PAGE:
[Source: The MI]

Wednesday, August 15, 2012

Badminton legend Punch Gunalan dies

Former national badminton champion Punch Gunalan died of cancer at the Sime Darby Medical Centre in Subang Jaya this morning.

Gunalan, 68, breathed his last at around 6.20am at the medical centre formerly known as the Subang Jaya Medical Centre after falling seriously ill two weeks ago.

He leaves behind his wife, P Vijeyakumari, 64, and son Roshan Gunalan, 36, who is an orthopaedic specialist.

NONEGunalan (left) was one of the most talented singles and doubles badminton player ever produced by the country, contributing medals to the nation in many international competitions.

His illustrious career in badminton began in the early 60's when he won the singles, doubles, and mixed doubles events in the Negri Sembilan Badminton Championship (1961-1963).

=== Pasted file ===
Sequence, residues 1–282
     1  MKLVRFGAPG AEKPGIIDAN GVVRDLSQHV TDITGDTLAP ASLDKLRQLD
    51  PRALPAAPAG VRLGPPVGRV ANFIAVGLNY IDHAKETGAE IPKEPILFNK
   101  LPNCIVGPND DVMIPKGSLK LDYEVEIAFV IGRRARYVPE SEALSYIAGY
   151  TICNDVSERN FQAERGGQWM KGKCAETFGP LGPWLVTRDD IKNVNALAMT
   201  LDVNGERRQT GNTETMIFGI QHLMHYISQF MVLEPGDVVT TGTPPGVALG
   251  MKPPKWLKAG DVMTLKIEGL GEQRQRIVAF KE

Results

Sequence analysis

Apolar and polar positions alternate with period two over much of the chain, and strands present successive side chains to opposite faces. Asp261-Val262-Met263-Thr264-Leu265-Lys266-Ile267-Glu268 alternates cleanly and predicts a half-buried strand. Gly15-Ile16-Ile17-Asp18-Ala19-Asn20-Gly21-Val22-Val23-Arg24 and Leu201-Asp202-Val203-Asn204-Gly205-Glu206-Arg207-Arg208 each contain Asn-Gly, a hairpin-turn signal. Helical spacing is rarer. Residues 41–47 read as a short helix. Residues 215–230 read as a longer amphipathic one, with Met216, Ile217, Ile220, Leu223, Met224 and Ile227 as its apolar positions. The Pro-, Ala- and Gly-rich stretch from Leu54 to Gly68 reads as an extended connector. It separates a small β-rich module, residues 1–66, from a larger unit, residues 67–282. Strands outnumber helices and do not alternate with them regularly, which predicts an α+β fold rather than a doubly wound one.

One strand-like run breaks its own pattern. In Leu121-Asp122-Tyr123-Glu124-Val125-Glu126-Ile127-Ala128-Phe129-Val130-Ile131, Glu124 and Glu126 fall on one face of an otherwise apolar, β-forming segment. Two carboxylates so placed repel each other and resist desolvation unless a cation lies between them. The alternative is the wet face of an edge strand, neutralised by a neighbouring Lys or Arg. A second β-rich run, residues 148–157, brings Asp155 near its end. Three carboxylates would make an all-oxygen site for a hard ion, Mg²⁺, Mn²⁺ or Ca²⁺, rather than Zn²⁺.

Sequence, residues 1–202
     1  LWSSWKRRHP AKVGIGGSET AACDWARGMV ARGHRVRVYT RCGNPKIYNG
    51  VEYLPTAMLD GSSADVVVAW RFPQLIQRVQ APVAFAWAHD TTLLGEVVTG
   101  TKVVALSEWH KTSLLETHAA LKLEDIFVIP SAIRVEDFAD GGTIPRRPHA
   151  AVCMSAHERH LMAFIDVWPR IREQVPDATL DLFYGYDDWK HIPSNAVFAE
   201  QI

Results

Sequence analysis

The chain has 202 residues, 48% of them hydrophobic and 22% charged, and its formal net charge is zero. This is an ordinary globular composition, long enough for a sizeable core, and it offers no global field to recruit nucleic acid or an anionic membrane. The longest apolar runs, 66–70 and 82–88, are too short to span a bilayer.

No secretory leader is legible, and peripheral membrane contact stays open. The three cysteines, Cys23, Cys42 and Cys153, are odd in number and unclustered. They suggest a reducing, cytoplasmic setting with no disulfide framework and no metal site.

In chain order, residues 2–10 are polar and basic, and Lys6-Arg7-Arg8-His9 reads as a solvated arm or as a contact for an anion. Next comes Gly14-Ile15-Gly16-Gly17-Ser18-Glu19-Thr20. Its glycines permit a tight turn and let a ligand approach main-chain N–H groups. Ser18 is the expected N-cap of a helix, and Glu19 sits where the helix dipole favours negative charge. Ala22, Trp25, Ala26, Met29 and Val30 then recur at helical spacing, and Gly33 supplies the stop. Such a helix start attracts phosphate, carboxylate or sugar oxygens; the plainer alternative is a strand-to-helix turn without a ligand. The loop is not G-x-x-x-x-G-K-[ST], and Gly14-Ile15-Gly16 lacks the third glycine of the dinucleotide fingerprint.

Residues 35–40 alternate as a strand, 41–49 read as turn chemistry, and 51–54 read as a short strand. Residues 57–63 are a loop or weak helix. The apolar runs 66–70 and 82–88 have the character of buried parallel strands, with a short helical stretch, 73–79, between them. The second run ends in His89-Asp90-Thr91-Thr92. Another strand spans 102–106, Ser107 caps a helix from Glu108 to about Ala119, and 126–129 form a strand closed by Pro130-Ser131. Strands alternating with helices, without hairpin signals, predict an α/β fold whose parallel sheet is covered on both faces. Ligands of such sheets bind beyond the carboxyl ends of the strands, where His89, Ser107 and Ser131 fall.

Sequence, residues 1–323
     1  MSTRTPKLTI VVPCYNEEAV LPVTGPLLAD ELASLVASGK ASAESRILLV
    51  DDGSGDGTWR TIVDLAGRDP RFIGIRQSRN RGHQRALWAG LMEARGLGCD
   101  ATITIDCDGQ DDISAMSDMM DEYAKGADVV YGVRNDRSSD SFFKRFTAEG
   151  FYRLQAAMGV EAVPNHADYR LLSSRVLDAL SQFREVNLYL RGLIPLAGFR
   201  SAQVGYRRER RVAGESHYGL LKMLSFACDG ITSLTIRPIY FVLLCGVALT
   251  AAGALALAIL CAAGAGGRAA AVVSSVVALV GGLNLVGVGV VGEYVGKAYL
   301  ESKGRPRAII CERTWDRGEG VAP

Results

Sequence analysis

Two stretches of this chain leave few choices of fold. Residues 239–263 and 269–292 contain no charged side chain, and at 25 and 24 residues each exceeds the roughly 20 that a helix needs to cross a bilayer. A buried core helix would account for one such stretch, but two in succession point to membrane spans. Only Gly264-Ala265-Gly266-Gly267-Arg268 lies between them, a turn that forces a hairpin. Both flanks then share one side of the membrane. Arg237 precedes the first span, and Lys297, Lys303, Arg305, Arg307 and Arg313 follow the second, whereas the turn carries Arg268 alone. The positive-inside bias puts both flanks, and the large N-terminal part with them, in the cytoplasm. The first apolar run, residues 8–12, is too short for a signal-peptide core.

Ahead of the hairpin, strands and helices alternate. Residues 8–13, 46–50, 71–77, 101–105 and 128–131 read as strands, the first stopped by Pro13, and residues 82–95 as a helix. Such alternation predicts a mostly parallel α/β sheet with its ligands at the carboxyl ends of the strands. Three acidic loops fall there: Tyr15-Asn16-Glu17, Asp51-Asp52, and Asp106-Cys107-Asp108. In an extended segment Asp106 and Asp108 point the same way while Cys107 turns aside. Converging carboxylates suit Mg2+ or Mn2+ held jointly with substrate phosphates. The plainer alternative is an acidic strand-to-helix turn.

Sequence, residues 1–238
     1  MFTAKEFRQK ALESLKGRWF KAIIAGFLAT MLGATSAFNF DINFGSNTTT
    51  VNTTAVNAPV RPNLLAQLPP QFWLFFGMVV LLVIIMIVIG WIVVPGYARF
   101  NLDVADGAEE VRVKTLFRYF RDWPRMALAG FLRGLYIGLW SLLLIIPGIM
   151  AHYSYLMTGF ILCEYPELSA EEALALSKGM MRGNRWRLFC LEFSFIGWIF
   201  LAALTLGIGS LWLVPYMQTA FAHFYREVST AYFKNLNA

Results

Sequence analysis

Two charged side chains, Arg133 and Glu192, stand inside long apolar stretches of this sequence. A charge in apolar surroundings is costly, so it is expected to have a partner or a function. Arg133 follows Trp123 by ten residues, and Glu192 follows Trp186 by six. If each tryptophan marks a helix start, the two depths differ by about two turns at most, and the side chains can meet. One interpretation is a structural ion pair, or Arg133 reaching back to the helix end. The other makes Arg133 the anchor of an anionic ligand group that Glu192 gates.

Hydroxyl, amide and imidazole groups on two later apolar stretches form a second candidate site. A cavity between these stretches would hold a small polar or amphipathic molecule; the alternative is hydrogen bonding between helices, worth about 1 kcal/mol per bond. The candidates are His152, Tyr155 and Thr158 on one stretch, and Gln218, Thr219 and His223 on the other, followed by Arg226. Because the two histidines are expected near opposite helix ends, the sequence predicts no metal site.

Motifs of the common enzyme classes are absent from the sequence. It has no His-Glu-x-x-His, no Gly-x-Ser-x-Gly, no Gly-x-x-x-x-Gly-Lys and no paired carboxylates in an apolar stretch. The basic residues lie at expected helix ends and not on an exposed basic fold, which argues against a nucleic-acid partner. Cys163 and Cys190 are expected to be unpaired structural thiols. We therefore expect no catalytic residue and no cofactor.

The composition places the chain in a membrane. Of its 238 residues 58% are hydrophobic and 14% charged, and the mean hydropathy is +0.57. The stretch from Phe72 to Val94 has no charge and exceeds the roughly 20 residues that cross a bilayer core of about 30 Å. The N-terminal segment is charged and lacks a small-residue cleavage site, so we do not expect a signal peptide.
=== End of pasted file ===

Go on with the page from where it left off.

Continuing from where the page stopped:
His biggest contribution was winning the All-England championship in the men’s doubles event with his partner Ng Boon Bee in 1971.

A year earlier, in 1970, Gunalan and his doubles partner Ng made history when they won the first Commonwealth gold medal for Malaysia in Edinburgh, Scotland.

The team also picked up the gold medal in the Asian Games in Bangkok, Thailand, in the same year, while Gunalan also won the gold medal in the men’s singles event in the games.

In 1974, he succeeded once again in securing a gold medal for the country in the Commonwealth Games in Christchurch, New Zealand, this time in the men’s singles event, and earned the broze medal in the doubles event.

He also brought home gold medals in the men’s singles and doubles event in the South-East Asian Peninsular Games held in Singapore in 1973.

Gunalan also represented the nation in the Thomas Cup in 1970 and 1973.

He was also crowned as the National Sportsman of the Year in 1969 and 1974
Glory in 1992 Thomas Cup